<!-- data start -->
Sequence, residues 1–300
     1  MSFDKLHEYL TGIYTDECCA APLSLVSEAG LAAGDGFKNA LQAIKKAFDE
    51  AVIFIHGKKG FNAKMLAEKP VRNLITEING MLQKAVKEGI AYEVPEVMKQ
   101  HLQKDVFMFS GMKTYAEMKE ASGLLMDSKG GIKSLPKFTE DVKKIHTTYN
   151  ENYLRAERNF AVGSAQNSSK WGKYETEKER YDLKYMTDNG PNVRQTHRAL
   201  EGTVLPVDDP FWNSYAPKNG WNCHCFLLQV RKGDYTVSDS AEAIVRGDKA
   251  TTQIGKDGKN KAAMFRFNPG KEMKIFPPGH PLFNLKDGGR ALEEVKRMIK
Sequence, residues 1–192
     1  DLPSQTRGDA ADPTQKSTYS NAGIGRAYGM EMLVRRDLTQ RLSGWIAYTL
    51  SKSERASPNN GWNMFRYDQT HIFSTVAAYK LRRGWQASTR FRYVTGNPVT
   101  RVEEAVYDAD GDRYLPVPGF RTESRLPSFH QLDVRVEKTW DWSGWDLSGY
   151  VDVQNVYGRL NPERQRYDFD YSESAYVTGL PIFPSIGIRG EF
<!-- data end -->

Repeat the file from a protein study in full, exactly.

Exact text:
Sequence, residues 1–300
     1  MSFDKLHEYL TGIYTDECCA APLSLVSEAG LAAGDGFKNA LQAIKKAFDE
    51  AVIFIHGKKG FNAKMLAEKP VRNLITEING MLQKAVKEGI AYEVPEVMKQ
   101  HLQKDVFMFS GMKTYAEMKE ASGLLMDSKG GIKSLPKFTE DVKKIHTTYN
   151  ENYLRAERNF AVGSAQNSSK WGKYETEKER YDLKYMTDNG PNVRQTHRAL
   201  EGTVLPVDDP FWNSYAPKNG WNCHCFLLQV RKGDYTVSDS AEAIVRGDKA
   251  TTQIGKDGKN KAAMFRFNPG KEMKIFPPGH PLFNLKDGGR ALEEVKRMIK
Sequence, residues 1–192
     1  DLPSQTRGDA ADPTQKSTYS NAGIGRAYGM EMLVRRDLTQ RLSGWIAYTL
    51  SKSERASPNN GWNMFRYDQT HIFSTVAAYK LRRGWQASTR FRYVTGNPVT
   101  RVEEAVYDAD GDRYLPVPGF RTESRLPSFH QLDVRVEKTW DWSGWDLSGY
   151  VDVQNVYGRL NPERQRYDFD YSESAYVTGL PIFPSIGIRG EF